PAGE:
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Please note that each and every assignment has its own word limit.
Both reliability and validity are measures of test performance, but they have separate and distinct meanings. Validity is the degree to which the data measure what they were intended to measure (i.e., accuracy) when compared with a true measure, otherwise known as a criterion standard or ‘‘gold standard.’’ The term validity is also used when referring to the ability of a test to classify subjects into dichotomous categories of diseased versus non- diseased. Reliability is the extent to which repeated measurements get similar results (i.e., precision or reproducibility). It refers to the capacity of a test to give the same result on repeated application. Reliability depends on 1) the variability in the specific manifestation on which the test is based, 2) the variability in the method of measurement, and 3) the skill with which the measurement is made. One measure of reliability, for example, would be the degree of dispersal of repeated measurements characterized as variance or standard deviation. (Kyriacou, 2001).
A diagnostic test should be both highly sensitive and highly specific. This is not usually possible as increasing sensitivity decreases specificity and vice versa. Different testing strategies have different requirements for sensitivity and specificity. Since highly sensitive tests are rarely negative in the presence of disease, these types of tests are particularly useful during the early stages of a diagnostic workup or when there is reason to suspect a dangerous illness. Highly specific tests are rarely positive in the absence of disease. Thus, these types of tests help confirm a diagnosis that is suggested by clinical data or other tests (Kyriacou, 2001).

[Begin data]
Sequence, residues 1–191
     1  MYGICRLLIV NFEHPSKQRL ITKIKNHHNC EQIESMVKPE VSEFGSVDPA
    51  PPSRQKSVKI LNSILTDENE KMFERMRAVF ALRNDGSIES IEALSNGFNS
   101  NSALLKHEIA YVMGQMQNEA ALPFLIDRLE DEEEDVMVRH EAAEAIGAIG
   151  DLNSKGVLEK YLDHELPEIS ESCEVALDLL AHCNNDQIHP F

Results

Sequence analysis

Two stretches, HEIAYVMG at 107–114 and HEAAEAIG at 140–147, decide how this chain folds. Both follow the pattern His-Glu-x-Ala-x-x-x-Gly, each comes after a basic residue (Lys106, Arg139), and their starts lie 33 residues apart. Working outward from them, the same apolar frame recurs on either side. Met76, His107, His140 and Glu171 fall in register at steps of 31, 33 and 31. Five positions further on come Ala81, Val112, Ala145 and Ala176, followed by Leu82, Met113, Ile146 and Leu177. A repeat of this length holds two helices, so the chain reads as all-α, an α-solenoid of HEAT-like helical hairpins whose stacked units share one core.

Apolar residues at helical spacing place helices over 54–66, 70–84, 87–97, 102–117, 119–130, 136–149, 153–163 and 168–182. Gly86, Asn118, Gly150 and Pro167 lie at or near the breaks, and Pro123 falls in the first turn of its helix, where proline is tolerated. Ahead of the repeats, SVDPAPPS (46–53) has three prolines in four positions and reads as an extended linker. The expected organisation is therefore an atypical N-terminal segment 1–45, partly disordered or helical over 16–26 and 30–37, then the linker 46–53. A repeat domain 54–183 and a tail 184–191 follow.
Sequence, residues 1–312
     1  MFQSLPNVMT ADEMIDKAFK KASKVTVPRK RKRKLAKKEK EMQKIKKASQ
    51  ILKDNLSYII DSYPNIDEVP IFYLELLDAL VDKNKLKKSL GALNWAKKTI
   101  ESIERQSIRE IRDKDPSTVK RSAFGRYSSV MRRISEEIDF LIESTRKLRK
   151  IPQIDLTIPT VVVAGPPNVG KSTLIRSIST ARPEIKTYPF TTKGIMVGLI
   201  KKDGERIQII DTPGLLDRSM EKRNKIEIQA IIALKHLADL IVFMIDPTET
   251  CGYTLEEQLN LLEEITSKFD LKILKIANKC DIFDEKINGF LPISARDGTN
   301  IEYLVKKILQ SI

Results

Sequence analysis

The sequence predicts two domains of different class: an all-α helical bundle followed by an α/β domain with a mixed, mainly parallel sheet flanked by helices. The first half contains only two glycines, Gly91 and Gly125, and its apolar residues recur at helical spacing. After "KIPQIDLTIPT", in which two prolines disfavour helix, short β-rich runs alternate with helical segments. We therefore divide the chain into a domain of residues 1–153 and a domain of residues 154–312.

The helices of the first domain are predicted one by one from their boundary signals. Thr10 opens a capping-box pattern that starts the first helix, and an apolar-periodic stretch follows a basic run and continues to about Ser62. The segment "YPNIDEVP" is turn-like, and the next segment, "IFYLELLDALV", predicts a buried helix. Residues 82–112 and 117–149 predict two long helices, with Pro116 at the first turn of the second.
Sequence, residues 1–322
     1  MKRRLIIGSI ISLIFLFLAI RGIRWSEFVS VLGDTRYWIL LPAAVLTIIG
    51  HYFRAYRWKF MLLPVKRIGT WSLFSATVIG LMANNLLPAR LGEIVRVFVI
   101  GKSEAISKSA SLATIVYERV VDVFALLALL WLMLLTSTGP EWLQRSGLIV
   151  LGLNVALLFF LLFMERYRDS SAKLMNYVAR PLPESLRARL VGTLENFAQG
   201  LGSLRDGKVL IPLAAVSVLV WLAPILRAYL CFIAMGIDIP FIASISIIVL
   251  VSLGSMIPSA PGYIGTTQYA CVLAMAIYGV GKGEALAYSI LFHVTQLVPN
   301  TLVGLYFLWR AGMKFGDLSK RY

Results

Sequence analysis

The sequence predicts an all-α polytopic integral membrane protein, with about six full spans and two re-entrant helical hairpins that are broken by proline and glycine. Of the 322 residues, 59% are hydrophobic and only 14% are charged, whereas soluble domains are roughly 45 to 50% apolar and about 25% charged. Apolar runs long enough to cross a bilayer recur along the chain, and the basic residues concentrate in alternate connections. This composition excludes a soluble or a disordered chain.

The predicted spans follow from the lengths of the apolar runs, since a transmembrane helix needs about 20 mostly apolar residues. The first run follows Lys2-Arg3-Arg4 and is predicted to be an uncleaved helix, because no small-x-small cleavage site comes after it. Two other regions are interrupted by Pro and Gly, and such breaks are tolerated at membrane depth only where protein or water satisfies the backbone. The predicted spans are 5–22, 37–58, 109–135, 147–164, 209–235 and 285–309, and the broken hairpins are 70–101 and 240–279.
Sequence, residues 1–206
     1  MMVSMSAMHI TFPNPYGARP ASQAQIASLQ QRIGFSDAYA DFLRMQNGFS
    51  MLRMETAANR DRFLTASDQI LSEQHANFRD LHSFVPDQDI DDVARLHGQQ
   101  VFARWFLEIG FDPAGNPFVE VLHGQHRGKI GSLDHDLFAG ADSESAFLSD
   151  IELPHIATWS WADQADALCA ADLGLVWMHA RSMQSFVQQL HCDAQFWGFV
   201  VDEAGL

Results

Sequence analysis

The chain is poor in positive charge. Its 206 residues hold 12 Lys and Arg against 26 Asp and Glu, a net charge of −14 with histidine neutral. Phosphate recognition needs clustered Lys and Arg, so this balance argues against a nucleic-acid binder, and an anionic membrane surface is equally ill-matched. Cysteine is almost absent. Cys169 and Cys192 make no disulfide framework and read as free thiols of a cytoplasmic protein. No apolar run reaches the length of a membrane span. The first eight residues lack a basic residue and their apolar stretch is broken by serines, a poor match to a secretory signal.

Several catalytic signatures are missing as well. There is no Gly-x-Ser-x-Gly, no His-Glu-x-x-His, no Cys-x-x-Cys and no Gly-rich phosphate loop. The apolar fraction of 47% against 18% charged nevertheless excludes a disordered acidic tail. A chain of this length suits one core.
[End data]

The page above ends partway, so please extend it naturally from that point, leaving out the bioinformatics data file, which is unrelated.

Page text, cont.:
Emphasis on HIV testing as a gateway to prevention, treatment, and care has grown tremendously over the past decade. In turn, this emphasis on testing has created a demand for new policies, programs, and technologies that can potentially increase access to and uptake of HIV testing. HIV self-testing (HST) technologies have gained important momentum following the approval of the over-the-counter self-tests in the United States, the UK, and France. While the renewed interest in HST has given rise to several high-quality reviews of empirical studies conducted on this topic, we have yet to find an article that captures the extent of the debate on HST (Gagnon, French, & Hébert, 2018). Self-tests maybe second- or third-generation HIV tests. They are only able to detect HIV antibodies, whereas the fourth-generation HIV tests which are normally used by healthcare professionals are also able to detect p24 antigen (a protein contained in HIV’s viral core that can be detected in the first few weeks after infection). Fourth-generation tests are therefore better at picking up recent infections. Second- and third-generation tests can accurately detect chronic (long-standing) HIV infection. But their ability to detect recently acquired HIV is more variable (Pebody, 2019).